Every entrepreneur should be familiar with key business metrics – the quantified parameters of business efficiency and success. Knowing their values is crucial for managing business processes, tackling challenges, addressing problems, and handling regular tasks. Basically, they are a tool for monitoring the health of your business and need to be tracked regularly and accurately.
The problem is, there are too many metrics to keep track of them all. Besides being overkill, this would totally deplete the limited resources of your startup or small business. That’s why it is essential to figure out what metrics actually matter, and monitor them consistently. The metrics you select depend on the nature of your business and on resources you have at your disposal.
Below, we’ll take a closer look at the most common business metrics that are crucial for small businesses, and see how they can be monitored.
Sales and finance metrics
Sales growth is a key metrics for businesses of any size – and one of the easiest ones to track. However, there are specifics related to the nature of your activities. For example, while it sounds intuitive to measure and compare monthly sales growth, sometimes it can be misleading. In some fields, sales are seasonal, so the most reliable approach is to calculate sales growth year-to-date.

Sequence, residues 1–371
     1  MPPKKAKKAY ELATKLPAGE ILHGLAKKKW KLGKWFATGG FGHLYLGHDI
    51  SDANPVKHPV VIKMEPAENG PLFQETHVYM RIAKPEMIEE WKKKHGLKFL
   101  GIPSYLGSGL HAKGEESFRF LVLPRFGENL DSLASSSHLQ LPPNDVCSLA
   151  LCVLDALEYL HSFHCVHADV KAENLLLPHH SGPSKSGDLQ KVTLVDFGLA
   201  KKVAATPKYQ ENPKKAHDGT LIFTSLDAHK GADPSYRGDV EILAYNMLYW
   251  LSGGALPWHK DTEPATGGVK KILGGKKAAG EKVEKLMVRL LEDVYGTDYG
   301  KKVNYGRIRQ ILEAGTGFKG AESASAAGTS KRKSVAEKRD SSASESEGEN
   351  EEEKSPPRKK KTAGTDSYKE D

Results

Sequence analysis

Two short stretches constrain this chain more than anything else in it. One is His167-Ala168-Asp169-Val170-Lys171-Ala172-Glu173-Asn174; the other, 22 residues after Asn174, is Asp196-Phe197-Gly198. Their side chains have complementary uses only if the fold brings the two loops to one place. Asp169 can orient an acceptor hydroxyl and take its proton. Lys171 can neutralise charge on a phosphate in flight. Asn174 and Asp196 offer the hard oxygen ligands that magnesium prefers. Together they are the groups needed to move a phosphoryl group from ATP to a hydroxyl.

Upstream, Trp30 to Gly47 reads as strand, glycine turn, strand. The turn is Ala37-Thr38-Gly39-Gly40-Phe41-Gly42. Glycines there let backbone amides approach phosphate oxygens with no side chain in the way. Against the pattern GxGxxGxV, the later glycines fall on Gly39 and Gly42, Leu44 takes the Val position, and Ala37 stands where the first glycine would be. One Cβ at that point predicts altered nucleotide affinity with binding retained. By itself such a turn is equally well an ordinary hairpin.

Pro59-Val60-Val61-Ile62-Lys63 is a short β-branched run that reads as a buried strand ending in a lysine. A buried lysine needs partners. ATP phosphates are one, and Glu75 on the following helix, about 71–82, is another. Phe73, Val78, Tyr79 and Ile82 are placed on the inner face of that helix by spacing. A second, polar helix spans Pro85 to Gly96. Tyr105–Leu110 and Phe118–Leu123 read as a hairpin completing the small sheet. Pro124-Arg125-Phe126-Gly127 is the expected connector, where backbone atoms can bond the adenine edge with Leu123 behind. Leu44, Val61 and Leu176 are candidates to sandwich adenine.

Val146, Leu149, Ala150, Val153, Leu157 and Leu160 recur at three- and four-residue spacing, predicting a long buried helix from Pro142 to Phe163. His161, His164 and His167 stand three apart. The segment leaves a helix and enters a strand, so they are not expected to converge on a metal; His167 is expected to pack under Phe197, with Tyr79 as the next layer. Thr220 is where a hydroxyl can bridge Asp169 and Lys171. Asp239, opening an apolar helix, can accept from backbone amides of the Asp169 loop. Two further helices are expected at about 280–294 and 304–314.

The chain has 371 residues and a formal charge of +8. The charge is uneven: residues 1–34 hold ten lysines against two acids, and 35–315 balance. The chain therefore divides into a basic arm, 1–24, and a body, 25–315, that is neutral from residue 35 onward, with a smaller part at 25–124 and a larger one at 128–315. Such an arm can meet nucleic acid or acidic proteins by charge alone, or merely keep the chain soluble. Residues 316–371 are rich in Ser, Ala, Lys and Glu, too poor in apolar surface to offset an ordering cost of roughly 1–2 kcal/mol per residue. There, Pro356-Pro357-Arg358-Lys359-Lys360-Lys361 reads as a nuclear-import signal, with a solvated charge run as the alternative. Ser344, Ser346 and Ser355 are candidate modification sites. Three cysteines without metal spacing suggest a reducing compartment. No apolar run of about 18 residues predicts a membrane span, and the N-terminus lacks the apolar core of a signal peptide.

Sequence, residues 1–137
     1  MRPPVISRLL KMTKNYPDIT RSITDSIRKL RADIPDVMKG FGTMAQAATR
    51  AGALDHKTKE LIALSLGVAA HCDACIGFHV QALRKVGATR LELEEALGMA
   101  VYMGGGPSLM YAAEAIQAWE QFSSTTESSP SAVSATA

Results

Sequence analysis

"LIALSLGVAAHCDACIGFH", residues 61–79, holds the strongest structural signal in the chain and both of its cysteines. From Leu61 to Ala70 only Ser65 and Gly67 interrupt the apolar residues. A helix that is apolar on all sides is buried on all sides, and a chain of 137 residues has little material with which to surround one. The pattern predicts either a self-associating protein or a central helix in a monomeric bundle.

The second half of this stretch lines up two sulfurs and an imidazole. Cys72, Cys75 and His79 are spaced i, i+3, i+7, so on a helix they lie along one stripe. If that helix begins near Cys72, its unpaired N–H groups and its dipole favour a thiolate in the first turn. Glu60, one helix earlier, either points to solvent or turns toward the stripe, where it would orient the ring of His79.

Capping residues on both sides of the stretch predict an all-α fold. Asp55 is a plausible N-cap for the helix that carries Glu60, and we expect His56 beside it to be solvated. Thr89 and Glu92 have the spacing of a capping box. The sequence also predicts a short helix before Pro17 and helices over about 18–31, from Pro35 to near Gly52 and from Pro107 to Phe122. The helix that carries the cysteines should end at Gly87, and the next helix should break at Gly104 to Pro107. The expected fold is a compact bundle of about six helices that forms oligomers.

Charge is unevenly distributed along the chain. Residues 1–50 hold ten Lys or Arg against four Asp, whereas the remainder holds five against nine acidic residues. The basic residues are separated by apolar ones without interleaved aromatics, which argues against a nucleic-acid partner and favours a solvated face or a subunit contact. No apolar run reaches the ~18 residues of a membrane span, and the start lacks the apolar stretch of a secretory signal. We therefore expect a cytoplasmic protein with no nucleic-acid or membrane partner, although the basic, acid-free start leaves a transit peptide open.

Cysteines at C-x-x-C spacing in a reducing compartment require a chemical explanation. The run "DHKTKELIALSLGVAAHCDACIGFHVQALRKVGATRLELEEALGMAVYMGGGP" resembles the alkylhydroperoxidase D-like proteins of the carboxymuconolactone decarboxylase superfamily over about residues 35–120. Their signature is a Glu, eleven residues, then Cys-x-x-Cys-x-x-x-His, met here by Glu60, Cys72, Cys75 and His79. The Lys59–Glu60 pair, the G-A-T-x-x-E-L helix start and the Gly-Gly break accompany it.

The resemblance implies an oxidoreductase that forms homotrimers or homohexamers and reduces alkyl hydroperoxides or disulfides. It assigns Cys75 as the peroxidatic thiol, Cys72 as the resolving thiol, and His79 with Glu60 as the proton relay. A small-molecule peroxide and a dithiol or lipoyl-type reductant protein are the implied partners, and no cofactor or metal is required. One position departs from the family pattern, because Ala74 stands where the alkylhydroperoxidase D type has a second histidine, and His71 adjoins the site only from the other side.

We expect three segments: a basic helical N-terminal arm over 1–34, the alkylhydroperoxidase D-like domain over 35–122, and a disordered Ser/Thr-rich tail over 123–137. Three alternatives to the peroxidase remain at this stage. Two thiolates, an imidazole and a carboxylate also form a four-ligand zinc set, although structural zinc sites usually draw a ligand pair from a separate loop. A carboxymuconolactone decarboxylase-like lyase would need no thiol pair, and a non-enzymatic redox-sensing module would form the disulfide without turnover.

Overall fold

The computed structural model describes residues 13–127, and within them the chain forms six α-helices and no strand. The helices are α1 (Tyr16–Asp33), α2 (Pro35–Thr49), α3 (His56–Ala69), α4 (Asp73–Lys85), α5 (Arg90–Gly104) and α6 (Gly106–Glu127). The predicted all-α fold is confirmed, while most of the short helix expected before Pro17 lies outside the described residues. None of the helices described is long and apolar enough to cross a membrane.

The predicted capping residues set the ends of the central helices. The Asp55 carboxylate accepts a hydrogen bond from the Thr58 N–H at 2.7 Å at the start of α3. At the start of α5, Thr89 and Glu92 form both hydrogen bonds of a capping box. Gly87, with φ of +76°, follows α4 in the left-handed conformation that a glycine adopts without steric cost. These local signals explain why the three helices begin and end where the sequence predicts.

Net profit margin
This metric shows how efficiently profit is generated in a company compared to the revenue. It is calculated by measuring revenue for a specific period (normally monthly values are taken) and deducting all sales expenses from it. Of course, it also may vary over time, so comparing yearly values would be helpful to understand general dynamics.
If your company produces several different products or offers several services, product performance is an important business metric. It helps you understand and compare profitability of specific products and services, and provides a basis for further analysis of performance of offered products or services, and their viability.
Customer lifetime value
Customer lifetime value (CLV) is a metric that shows the average amount of money you get from your customers during their lifespan with you. Basically, it gives you an idea of the value you receive from each customer on average, and allows you to evaluate whether the amount spent on customer acquisition is worth it. This metric is calculated by multiplying average amount spent yearly by a customer by average customer lifetime.
Customer retention rate
Keeping existing customers is always less expensive than acquiring new ones, so it’s important to know how many of your existing customers keep working with you and using your products and services. This is what a customer retention rate helps understand. It is calculated as a relation of the number of existing (not new) customers at the end of a period to the number of customers at the start of that same period.
Customer churn rate
This metric, being the opposite to the previous one, shows the percentage of customers lost during a specific period. It is calculated in relation to the number of customers that have left during a period to the number of customers at the start of that period. This metric is important for any business and vital for businesses that provide services on a recurring basis (e.g. subscription services).